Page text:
Why Wimpy, and not any other adjective?
It became associated with how wimpy kids feel—powerless when it comes to making rules and decisions.
Are you Greg Heffley?
Yes, an exaggerated version. I was an average kid like him, weird in many ways, trying to lead a normal American life.
You’re on your 11th book, how tough is it to stay in the pre-teen mindset?
It is quite easy. At 11, a kid’s mind is very narcissistic and it is fun to dive into it.
Greg, you said, is anti-Harry Potter, he’s a normal kid.
Harry Potter is a hero. Greg is none of that. He is a normal, almost invisible kid.
You never intended it to be a children’s book?
No, I wrote it for adults. When my publisher suggested this might do better as a children’s book, I was shocked, but came around quickly.
Why the diary format?
A diary is a good way into the mind of a kid. It gave me freedom with the narrative too.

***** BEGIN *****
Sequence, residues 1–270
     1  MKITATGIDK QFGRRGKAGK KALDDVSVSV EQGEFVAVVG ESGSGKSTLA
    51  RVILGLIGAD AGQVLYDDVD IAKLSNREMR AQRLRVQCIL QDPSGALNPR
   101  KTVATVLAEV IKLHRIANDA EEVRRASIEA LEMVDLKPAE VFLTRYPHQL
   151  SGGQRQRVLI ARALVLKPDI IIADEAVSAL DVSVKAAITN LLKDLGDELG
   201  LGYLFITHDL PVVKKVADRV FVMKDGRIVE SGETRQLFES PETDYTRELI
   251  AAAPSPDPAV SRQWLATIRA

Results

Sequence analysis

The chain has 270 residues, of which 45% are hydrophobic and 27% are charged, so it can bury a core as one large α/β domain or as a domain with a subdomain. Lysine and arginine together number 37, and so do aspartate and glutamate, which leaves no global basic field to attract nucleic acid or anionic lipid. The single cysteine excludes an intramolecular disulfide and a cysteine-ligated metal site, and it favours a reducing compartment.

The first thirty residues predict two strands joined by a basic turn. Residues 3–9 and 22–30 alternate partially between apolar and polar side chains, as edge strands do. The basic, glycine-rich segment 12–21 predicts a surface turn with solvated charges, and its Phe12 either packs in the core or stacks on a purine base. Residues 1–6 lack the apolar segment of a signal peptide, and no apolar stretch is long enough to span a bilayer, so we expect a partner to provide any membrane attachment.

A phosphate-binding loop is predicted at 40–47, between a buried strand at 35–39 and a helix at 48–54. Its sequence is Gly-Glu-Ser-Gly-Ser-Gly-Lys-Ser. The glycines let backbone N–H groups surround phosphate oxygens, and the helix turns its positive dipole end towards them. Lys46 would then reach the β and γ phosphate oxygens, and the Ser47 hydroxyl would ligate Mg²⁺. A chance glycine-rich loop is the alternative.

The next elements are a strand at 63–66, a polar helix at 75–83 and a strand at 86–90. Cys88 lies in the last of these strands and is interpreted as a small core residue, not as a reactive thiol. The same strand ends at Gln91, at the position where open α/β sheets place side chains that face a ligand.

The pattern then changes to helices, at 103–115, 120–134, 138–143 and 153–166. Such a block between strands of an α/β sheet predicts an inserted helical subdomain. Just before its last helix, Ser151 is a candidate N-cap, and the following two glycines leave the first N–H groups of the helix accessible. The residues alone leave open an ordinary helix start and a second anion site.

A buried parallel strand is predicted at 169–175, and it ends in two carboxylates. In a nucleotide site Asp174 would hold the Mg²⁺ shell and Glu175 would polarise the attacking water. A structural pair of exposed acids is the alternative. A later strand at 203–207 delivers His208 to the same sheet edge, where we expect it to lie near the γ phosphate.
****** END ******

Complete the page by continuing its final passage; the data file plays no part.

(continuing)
With all the merchandising, will the Wimpy Kid illustration overtake the story?
I don’t think so. I have consciously made sure that the character is not exploited.
We hear you wanted to be a newspaper cartoonist.
Yes, and I tried for three years, but with no luck.
You say that kids with autism or dyslexia have really taken to your books. Do you plan to explore the writing-illustration in other stories?
I am not an expert with kids of special needs, but I think what works are the friendly illustrations. I plan to write more of the same series.
Chirag Gupta comes up quite early; does it represent American classrooms?
They are very diverse, and yes, I have many Indian friends. Chirag is one of my favourite characters.